Germany's Bild am Sonntag newspaper interviewed Özkan last week during a visit by the minister-designate to her father's dressmaking shop. Introducing her as the brave daughter of a dressmaker in the headline of the article, the paper quotes Özkan, who was appointed last Monday as the minister for social, health and family integration in Lower Saxony Minister-President Christian Wulff's cabinet, talking about Germans trying to intimidate her because of her ethnicity.
“Unfortunately, there are still people who say: ‘You are guest workers. There is no place for you; you cannot participate in society',” Özkan is quoted as saying. “I will not be intimidated by such threats,” she added.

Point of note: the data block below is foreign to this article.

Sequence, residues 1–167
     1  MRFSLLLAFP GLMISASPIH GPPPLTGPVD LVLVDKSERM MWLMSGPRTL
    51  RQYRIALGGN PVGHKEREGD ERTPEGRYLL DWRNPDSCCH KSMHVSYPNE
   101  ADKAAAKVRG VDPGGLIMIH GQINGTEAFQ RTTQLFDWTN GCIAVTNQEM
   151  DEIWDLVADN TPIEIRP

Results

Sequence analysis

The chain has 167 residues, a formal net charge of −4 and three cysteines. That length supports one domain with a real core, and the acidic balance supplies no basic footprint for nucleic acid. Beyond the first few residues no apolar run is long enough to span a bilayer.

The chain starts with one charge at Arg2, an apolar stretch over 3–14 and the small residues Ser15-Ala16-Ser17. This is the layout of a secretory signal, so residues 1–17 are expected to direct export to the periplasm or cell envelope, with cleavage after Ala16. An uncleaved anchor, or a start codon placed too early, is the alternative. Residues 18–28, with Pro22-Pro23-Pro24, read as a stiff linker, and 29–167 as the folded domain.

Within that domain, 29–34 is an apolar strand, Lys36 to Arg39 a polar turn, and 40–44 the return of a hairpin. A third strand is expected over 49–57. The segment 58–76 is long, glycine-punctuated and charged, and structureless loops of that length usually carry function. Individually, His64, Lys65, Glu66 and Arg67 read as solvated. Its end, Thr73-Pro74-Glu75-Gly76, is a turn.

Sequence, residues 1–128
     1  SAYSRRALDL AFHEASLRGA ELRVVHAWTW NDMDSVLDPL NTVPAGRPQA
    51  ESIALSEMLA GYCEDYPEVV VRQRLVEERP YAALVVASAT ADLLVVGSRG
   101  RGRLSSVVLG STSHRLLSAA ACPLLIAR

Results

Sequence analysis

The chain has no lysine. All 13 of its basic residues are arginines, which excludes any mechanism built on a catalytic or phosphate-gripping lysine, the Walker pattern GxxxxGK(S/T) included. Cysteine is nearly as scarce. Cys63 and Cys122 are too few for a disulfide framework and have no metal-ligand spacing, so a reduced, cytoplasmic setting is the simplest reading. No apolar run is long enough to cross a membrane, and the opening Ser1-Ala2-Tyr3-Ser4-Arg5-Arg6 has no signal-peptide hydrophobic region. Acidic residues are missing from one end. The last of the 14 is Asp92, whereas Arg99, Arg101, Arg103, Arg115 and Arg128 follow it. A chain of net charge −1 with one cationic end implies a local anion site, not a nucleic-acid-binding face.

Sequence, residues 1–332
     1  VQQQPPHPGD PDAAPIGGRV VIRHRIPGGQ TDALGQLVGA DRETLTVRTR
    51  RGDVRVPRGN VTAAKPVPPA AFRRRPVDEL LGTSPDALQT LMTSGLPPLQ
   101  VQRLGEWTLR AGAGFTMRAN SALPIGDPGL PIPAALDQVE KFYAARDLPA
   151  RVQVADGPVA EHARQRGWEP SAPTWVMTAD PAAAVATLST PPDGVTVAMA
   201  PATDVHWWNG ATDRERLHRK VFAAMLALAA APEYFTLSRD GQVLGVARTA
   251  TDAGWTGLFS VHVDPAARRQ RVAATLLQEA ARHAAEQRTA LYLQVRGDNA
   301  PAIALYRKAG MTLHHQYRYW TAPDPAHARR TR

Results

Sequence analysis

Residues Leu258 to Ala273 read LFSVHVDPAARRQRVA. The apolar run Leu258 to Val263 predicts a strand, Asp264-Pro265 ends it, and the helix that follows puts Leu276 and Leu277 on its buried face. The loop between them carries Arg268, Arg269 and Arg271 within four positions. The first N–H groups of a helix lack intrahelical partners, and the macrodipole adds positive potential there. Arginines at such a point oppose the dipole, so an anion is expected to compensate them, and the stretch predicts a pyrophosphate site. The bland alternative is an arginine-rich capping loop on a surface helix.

Özkan, a German-born Turk who has been a member of the Hamburg state parliament since March 2008, is scheduled to be sworn in as minister today.
The paper reported that two officers are guarding the newly appointed minister and are stationed in front of her house day and night.
Asked where she finds the confidence to be Germany's first minister of Turkish origin, Özkan said that without the trust her parents instilled in her, she could not have done it. “My mother taught me that women can also work and have a family; my father helped me, too.”
Her remarks last Wednesday on the enrollment of Turkish children in German kindergartens also became a topic of discussion amid debate on the enrollment of Turks in Turkish schools in Germany. Özkan believes the key to success in Germany is to learn the German language.